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Female College Athletes Have Limited Experience & Knowledge of ACL Injury Prevention


Awareness of Anterior
Cruciate Ligament Injury-Preventive Training Programs Among Female College
Athletes

Tanaka
MJ, Jones LC, & Forman JM.  J Athl Train. 2020 55(4) Online ahead of
print. doi: 10.4085/1062-6050-150-19.

Full Text Freely Available

Take-Home Message

NCAA female athletes have limited awareness and experience
with
anterior
cruciate ligament (ACL) injury prevention programs despite being willing to
perform them.

Summary

Females are at an increased risk for an ACL injury. Compliance with an ACL injury prevention program can prevent 50 to 80% of ACL injuries; however, it remains unclear how well college teams have implemented these programs.  The authors of this study surveyed NCAA Division I and III female athletes to see who had experience or awareness of injury prevention programs.  The authors asked athletic trainers to share links to the 12-question survey with women’s teams and posted links on social media. Athletes from 31 institutions in 19 states completed the survey.

Overall,
only 15% of the 440 current athletes had performed an ACL injury prevention
program. Furthermore, only about one-third of the athletes knew about ACL
injury prevention programs. For the athletes who reported having performed an
ACL injury prevention program – the majority were supervised by an athletic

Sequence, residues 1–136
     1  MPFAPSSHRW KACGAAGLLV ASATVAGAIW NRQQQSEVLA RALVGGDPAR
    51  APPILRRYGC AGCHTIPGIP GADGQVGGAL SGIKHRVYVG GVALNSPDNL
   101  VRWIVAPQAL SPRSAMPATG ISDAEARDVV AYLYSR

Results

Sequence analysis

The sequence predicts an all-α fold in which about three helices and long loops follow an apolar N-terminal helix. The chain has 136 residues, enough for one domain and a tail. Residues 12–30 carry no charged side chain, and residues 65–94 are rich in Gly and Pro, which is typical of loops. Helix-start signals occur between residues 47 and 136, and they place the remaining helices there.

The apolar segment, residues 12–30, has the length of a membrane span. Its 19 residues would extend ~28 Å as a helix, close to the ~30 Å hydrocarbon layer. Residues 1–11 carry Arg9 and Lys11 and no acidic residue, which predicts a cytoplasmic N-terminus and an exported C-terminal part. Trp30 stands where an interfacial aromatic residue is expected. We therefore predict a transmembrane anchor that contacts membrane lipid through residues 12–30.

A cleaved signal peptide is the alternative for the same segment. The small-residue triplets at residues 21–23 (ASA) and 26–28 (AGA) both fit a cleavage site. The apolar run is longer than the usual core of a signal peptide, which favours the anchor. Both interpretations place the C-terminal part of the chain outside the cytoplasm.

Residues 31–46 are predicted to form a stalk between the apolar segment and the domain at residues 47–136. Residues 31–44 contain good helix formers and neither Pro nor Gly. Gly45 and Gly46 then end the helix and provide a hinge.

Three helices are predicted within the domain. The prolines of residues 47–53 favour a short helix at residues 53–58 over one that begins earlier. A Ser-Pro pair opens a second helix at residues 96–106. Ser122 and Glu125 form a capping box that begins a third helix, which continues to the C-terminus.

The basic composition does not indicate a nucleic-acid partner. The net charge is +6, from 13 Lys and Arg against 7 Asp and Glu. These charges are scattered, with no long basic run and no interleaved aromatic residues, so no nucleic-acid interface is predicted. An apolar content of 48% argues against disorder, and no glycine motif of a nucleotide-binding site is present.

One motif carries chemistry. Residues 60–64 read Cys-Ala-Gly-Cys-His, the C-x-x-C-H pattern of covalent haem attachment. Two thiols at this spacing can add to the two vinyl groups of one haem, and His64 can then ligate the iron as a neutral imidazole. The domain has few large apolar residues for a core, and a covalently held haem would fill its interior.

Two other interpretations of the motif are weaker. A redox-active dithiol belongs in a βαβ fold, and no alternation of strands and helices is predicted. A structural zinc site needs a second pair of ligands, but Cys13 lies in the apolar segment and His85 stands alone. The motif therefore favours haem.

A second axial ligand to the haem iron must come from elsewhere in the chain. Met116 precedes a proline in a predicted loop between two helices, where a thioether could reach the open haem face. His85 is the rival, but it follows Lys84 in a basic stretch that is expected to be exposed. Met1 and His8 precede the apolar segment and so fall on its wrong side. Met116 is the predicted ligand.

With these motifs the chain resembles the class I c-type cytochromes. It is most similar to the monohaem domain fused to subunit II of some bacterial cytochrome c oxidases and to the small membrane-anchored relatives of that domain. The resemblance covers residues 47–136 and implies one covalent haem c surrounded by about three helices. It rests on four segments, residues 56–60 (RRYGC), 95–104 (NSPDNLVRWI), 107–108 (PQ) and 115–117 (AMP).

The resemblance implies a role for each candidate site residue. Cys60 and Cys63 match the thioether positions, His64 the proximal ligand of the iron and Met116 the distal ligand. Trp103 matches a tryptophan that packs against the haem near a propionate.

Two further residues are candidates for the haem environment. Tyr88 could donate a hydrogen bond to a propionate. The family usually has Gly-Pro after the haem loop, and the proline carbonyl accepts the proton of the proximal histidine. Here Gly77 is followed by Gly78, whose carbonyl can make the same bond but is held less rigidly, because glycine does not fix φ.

trainer (39%), coach (27%), or both (11%).  Almost 90% of the athletes indicated that they
would perform a daily program if it would decrease their ACL injury risk. It
seemed that athletes in high-risk sports, at Division I programs, who knew a
teammate with an ACL injury, or who had a history of an ACL injury were more
likely to be aware and have performed an ACL injury prevention program.

Viewpoints    

This study is interesting because the authors demonstrate that implementation and awareness are very low among NCAA female athletes despite their apparent willingness to participate.  This complements prior findings that only 1 in 5 high school coaches have implemented injury prevention programs. These new findings add to the story by showing that the athletes are willing to perform these programs, but we need to do a better job of getting the word out about the existence of these programs. It would be interesting to see if the willingness to perform a program affected compliance and adherence.  It was great to see that athletes in higher-risk sports were more likely to have performed or be aware of ACL injury prevention programs.  However, the overall implementation and awareness were quite poor.  It would be fascinating to see whether these athletes were recently performing these programs or if they performed them a long time ago (for example, in high school). Regardless, this study and previous research highlight that we need to do more to educate coaches, athletes, and other stakeholders about the feasibility and necessity of adopting injury prevention programs. It is time to deploy one of the most effective tools in our prevention toolbox.  

Questions for Discussion

Why do you
think awareness and implementation are so poor? What efforts do you think that
we can do to improve this?

Written by: Nicole M. Cattano
Reviewed by: Jeffrey Driban

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